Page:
Neal was having so much fun. I didn't realize that he had such a competitive spirit. After years of watching him halfheartedly play soccer and other sports, I was so pleased that he could have his moment to shine.

To protect the integrity of the questions used, we couldn't use any recording devices during the matches but his team posed for pictures following their final match.

Tuesday, March 23, 2010

Molly's Birthday

I've been offline for a few (harried) days but then--miracle of miracle--today my computer finally connected to the Internet and has appeared to heal itself. While it's actually working, I better blog a few important things.

Molly turned one last week and we invited my parents, siblings, (they were all invited but only two live close enough to make it) nieces and nephews to join us for a celebration. The other kids wanted to have an Up! party. They've been planning for months. They wanted to see how many helium filled balloons it would take to lift Molly off the ground. I didn't want to pay for that many balloons but we did buy some.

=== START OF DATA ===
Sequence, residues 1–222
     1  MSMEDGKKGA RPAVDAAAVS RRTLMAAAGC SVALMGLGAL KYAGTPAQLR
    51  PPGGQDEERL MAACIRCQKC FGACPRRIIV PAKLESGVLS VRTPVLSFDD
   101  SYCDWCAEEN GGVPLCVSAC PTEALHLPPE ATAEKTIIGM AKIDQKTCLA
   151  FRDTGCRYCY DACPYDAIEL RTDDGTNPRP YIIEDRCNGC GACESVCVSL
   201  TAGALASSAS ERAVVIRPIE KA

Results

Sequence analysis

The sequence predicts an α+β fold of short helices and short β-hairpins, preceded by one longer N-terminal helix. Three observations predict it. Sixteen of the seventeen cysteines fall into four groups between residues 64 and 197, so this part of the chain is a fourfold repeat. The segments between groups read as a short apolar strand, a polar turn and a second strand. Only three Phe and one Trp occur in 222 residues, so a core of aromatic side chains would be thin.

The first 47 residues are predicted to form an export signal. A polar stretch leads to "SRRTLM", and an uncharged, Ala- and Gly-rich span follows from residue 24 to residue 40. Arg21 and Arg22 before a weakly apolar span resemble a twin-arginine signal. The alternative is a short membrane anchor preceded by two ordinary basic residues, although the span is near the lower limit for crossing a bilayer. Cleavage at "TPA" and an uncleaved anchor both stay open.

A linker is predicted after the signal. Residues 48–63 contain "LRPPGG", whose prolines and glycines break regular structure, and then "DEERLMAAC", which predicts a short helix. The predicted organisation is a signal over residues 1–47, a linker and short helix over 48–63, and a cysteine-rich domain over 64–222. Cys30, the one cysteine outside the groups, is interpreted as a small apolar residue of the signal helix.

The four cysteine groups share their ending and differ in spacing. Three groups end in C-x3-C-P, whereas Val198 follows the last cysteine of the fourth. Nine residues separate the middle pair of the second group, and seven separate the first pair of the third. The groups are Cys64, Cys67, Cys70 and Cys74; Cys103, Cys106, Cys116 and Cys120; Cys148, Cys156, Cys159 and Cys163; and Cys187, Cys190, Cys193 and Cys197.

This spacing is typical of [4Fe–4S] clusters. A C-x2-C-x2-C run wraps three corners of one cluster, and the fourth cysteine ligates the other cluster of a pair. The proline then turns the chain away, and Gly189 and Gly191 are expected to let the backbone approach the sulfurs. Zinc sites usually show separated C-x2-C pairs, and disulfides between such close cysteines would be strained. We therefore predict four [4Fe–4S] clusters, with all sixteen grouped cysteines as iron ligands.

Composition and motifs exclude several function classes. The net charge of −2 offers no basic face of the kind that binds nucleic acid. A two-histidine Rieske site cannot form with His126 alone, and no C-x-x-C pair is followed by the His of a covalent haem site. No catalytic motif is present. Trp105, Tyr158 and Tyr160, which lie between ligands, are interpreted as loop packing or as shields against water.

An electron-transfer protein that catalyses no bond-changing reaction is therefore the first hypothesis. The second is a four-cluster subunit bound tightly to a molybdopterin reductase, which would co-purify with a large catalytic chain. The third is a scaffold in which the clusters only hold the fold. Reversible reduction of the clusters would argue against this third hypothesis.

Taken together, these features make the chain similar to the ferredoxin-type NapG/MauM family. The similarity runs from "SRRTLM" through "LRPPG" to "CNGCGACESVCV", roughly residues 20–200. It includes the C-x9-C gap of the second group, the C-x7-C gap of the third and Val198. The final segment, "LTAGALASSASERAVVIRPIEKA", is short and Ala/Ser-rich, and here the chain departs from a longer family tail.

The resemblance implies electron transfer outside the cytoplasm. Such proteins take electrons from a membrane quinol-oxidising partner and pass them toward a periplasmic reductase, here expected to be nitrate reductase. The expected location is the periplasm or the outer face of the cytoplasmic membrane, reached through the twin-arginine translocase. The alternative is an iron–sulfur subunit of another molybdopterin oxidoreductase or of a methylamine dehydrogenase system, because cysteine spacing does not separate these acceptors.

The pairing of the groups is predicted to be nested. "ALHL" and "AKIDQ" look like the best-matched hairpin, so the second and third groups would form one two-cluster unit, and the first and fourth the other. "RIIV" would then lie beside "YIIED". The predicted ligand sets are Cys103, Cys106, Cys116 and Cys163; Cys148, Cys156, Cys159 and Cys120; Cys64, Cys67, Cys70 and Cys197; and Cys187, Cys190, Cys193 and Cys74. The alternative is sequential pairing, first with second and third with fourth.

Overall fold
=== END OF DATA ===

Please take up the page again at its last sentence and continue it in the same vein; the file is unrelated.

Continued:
Utah Dad made a big pot of his delicious chili. I baked four dozen cupcakes because you can never have enough cupcakes. It was a pretty typical, simple, loud birthday party. Molly was fascinated by the flame on the candle. She really wanted to touch it. She delicately stuck one finger in the frosting of her cupcake and licked it. She ate it pretty ladylike for awhile but was eventually shoving the cake in by the fistfuls.

I still can't believe she is one year old.

Thursday, March 18, 2010

Wednesday, March 17, 2010

Disney on Ice - Out and About in Utah

I saw an ad for Disney on Ice in January and I set it aside. I knew Amberly would love it but I wasn't sure I could really justify the cost. The ad was still sitting on my desk a few weeks later when my sister called to say that she had won eight tickets to the show at a Super Bowl party. She invited Amberly, Lilly and me to join her and her oldest daughter. She also invited my sister-in-law and her two girls. We were so excited and marked the date on our calendar. (Amberly was a little disappointed initially because she misunderstood and thought that we were going to Disneyland, but she got over it quickly.)

The big day finally arrived. I curled Amberly and Lilly's hair and we left the minute Amberly got home from school. I promised Amberly a new dress so we stopped at Target before meeting at my sister's home in Bountiful. My sister made us a delicious dinner so that we wouldn't be hungry and tempted to buy outrageously over-priced concession food. After dinner, our pink group loaded in the cars. Amberly and her cousin K giggled all the way.